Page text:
Better (more commonly used) English would surely be, 'Where are we going tonight?`. And why is stasera translated as tonight and not this evening?
Is "stasera" no longer "this evening"? Duolinguo marked me wrongband said its "tonight". Is tonight not "stanotte"? I need clarifications please.
It's not a problem with future tense. When I tried 'Where shall we go this evening?' Duolingo corrected me with 'Where will we go this evening?'. Also future.
So I think shall is fine here but nobody's told Duo yet.
"Where are we going tonight?" is a perfectly acceptable translation. I actually like it better than the one offered by Duolingo. I find, "Where do we go tonight?", although grammatically correct, a little stilted. If "Where are we going tonight?" was your answer, then I would report it.
Do you mean that there is a liason between words only when the first ends with the same vallow the second begins with?
i wonder why "where are we going to this evening" is not correct! please tell me.
I think it is because you should not, technically, finish a sentence with a preposition. 'To where are we going this evening' is the grammatically correct version, but it is less natural to say that than just 'Where are we going'.
sorry but i don't agree. there are many exemples in English with verbs like 'look' 'get', etc
I don't know if it's correct but under the word andiamo on of the translate words is ''we are slow'' , is this correct ?
I agree that this should be translated as "Where are we going this evening?"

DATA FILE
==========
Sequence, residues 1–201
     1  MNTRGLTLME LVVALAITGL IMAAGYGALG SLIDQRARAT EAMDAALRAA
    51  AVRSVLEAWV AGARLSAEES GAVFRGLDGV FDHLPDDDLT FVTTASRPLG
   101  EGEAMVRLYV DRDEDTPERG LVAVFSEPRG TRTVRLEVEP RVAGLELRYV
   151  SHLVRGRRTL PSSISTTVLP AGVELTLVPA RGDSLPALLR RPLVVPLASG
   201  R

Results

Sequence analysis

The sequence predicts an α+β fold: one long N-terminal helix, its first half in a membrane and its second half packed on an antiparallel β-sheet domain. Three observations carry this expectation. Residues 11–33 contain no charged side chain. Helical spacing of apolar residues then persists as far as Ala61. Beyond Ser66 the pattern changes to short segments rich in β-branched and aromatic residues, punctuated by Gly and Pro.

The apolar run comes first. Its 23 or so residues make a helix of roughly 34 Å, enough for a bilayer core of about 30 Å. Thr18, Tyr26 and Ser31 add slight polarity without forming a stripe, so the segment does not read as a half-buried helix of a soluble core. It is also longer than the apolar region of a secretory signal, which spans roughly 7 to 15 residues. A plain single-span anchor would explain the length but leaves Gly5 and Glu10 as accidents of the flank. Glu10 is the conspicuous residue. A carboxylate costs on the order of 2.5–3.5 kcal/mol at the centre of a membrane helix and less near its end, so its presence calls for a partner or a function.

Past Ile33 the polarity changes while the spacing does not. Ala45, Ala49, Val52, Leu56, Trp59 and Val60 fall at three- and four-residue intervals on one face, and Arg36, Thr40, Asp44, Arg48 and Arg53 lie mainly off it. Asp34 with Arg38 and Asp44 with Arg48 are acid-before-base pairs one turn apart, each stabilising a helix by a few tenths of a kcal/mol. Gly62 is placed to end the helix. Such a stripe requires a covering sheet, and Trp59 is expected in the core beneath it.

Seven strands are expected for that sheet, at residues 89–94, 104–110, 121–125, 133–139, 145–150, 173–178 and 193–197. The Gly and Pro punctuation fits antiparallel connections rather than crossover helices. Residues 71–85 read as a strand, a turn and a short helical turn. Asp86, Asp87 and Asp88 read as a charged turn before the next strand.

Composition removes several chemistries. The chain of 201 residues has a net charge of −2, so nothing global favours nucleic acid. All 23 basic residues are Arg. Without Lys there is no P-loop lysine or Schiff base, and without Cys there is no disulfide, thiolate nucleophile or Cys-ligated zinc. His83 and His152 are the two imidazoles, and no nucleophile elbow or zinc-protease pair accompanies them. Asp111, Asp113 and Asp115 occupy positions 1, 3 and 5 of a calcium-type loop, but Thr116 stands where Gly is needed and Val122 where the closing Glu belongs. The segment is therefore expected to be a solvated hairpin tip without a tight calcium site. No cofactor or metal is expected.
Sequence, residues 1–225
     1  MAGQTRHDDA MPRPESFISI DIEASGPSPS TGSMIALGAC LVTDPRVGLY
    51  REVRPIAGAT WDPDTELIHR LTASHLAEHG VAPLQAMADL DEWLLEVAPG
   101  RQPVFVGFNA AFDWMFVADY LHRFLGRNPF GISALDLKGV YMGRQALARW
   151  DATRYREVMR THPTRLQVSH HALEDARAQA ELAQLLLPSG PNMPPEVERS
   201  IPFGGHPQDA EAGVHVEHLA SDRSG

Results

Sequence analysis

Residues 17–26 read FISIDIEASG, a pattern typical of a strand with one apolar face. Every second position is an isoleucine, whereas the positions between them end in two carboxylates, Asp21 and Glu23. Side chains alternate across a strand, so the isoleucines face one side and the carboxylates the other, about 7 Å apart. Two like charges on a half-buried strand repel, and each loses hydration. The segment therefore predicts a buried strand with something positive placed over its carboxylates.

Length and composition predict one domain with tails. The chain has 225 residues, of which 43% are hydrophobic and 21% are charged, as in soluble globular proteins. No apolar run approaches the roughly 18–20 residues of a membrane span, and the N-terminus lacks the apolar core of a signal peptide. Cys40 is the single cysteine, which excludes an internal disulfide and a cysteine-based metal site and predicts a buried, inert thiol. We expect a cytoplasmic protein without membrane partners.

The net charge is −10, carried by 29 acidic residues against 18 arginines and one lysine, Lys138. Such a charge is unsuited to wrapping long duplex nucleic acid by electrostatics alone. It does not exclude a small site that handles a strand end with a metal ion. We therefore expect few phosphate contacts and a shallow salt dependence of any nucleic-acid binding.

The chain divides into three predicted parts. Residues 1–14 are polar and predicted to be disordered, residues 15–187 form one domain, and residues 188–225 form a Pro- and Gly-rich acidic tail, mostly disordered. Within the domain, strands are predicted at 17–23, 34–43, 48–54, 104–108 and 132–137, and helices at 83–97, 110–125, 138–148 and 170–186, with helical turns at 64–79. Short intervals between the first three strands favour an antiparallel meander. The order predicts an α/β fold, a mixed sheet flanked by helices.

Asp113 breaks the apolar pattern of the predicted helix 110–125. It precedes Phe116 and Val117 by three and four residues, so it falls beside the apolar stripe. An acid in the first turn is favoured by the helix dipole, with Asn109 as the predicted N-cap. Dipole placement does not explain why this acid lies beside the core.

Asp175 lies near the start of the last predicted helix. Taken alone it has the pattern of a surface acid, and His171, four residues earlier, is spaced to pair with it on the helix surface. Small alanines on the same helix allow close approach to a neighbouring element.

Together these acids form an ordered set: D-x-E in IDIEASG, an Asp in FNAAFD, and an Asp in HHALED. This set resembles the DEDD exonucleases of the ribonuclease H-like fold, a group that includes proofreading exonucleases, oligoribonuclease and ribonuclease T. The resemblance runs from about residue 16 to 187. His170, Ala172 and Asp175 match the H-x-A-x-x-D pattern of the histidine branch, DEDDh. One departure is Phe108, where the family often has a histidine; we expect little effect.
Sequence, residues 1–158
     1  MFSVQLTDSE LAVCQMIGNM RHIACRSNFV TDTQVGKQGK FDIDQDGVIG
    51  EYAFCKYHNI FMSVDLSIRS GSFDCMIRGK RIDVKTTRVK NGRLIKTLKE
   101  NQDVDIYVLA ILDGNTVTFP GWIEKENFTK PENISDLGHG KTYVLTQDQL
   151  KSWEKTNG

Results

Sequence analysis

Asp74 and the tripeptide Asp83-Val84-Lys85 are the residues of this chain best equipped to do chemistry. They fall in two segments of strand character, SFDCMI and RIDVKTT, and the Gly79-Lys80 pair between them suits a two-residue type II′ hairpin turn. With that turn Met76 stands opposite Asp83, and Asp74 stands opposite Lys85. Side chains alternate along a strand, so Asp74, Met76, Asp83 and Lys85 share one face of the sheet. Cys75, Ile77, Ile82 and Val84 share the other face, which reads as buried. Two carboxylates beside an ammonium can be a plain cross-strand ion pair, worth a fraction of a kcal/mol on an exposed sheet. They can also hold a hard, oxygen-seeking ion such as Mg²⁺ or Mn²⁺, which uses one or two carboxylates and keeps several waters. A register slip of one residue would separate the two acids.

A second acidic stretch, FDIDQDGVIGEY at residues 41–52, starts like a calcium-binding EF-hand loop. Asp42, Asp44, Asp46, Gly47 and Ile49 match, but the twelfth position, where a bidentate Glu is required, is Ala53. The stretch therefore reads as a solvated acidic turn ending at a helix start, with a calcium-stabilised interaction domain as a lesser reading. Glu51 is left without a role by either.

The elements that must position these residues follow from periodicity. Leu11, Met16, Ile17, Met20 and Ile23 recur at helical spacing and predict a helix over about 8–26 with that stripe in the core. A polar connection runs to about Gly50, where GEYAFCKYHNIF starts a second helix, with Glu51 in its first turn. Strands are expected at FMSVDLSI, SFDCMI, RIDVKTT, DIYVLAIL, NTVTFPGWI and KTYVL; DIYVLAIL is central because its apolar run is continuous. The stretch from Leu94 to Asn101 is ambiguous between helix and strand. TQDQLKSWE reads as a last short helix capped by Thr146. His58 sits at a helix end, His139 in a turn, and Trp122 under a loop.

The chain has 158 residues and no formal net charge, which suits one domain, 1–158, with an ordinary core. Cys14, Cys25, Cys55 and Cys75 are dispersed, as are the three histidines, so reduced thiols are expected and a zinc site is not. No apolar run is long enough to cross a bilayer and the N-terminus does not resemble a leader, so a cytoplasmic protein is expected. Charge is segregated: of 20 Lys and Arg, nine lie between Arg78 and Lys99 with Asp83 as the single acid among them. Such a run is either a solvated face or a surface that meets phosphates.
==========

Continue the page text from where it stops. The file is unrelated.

Is "stasera" a form of "sera"; a combination with the word of "this"? (Hopefully this makes some sense)
Yes. The Italian "questo" actually originates from the Latin "eccu istum" (check http://en.wiktionary.org/wiki/iste#Latin); separately, they originated the words "ecco" (here it is, there you have it) and "sto", which is a colloquial synonym for questo or its form in compounds. Thus originated "stasera" (this evening), "stamattina"/"stamane" (this morning), "stavolta" (this time) and so on.
This is frustrating. "stasera" means this evening so "Where do we go this evening" should be accepted. However "Where are we going this evening?" sounds much more natural, at least to an English speaker of English, than "Where do we go this evening" and should be accepted. Moderators please take note.
Why is "where are we bound tonight" not accepted if it's aan option that seems like it means the same as "going"?
'Where are we bound tonight' is not really a natural expression in English. If that was said to me, I would think either 'where have we been sent by someone in charge' or 'where are we tied up'. It would allow for more confusion. Does that help at all?
Perhaps it used to be, but it just sounds outdated to me. As an English native, I haven't heard it said in a conversation before; formal or not. You are right in that it has a similar meaning to 'going' but it's got different connotations. I think it isn't accepted because they want you to be specific? I don't know. I hope that helps anyway.